The Last Wolf
by Jim Crumley
The Last Wolf
‘Extraordinary,’ – West Highland Free Press
Jim Crumley explores the place of the wolf in Scotland – past, present and future – and challenges many of the myths that have been regarded for centuries as biological fact. This is an elegant, erudite and imaginative account that readdresses the place of the wolf in modern Scotland.
‘Jim Crumley’s task is to persuade the human beings of the Highlands that all of our lives would be richer in the presence of wolves. It is, as he acknowledges, a difficult task. If everybody in Scotland was to read The Last Wolf it would become immeasurably easier’ – Roger Hutchinson
In 1743, according to legend, the last wolf in Scotland was killed by a huntsman near Inverness. At the time the extinction of wolves in Scotland was celebrated. But since then deer have multiplied in the Highlands, destroying the vegetation on which an array of wildlife depends and creating a barren, treeless landscape.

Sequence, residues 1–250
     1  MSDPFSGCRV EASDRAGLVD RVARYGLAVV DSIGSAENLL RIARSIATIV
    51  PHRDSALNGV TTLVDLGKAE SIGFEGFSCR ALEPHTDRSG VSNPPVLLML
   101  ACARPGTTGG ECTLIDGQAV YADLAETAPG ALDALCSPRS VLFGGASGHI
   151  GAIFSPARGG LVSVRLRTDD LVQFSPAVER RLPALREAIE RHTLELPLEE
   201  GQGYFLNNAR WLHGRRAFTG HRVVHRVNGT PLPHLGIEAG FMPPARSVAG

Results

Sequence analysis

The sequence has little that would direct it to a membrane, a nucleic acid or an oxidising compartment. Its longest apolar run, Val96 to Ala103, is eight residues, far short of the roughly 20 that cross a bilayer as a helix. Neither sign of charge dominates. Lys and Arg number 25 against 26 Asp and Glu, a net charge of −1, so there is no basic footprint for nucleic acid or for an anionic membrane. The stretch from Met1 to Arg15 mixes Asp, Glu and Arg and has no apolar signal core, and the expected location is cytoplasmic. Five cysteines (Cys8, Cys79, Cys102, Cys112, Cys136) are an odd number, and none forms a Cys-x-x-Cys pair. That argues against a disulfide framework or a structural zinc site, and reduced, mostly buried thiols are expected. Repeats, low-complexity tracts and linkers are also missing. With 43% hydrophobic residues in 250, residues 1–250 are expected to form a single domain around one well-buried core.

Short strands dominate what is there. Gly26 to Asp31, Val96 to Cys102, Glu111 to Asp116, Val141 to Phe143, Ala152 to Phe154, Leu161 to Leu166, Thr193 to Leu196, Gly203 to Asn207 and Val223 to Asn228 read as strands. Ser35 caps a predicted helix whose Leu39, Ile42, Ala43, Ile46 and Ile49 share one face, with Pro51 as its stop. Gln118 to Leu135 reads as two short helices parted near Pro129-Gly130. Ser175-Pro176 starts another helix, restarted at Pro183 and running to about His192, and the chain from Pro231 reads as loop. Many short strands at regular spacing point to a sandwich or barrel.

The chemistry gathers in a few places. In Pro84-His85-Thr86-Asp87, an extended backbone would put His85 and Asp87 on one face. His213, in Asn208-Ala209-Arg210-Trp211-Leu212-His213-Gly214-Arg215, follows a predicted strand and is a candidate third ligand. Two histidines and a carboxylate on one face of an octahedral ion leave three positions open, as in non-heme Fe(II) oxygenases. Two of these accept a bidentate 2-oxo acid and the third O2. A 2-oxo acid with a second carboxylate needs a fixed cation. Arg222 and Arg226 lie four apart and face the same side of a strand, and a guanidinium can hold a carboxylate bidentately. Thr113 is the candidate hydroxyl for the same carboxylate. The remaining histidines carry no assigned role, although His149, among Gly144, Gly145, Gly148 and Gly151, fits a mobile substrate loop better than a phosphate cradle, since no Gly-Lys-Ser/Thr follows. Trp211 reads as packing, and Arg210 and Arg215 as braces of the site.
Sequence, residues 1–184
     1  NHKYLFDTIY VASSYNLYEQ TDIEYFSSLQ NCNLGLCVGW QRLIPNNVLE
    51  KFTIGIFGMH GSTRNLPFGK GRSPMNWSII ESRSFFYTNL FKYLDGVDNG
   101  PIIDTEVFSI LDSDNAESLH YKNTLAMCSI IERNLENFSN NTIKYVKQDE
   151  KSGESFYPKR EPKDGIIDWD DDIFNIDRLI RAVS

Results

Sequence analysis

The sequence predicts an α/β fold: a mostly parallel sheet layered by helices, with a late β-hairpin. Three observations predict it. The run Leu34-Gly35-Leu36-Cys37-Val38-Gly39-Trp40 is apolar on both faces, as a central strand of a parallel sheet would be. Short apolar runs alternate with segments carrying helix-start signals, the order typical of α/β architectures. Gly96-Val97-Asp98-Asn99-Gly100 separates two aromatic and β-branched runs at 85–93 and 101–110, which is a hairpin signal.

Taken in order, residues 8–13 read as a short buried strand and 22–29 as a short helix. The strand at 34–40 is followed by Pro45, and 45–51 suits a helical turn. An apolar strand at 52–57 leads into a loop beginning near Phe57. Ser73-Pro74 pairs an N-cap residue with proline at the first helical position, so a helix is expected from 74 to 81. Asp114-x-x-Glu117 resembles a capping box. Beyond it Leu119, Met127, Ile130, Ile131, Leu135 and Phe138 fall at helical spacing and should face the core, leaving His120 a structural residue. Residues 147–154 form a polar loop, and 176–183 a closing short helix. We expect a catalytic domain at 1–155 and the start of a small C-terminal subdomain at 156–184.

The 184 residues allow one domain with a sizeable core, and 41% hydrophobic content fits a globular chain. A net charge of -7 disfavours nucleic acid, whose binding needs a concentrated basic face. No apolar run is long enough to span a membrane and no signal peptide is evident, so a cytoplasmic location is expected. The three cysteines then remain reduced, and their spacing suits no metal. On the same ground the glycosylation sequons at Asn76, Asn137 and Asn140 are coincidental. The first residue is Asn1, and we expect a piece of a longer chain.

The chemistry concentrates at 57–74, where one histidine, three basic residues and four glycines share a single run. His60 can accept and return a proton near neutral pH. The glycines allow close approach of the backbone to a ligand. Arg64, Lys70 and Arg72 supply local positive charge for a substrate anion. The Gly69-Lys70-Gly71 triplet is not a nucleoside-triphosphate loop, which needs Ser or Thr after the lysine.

Gradually it has become clear that the entire eco-system has been thrown out of balance by the elimination of a top predator. Now there are calls for a limited reintroduction of wolves into Scotland as a way of healing the damaged land.
The wolf has been the victim of black propaganda since ancient times. By tellers of folk tales and historians alike it has been described as a slayer of babies, a robber of graves, a devourer of battlefield dead. In this passionate polemic, Jim Crumley argues that these stories are pure fiction, a distortion of reality which prevents people from thinking rationally about the huge benefits the presence of wolves could bring to Scotland. Now is the time for myths to be dispelled, and for the wolf to return to its old home in the highlands.
Jim Crumley is a Scottish nature writer whose contribution to the literature of the land – now amounting to more than thirty books – has attracted many accolades throughout the British media and in North America. He is a passionate advocate of species reintroductions, especially of wolf and beaver, the widespread restoration and expansion of native habitats, and a radical reappraisal of the relationship between the people of Scotland and the land. He is also a columnist in the Scots Magazine and The Courier, both based in his home town of Dundee. He now lives in Stirling.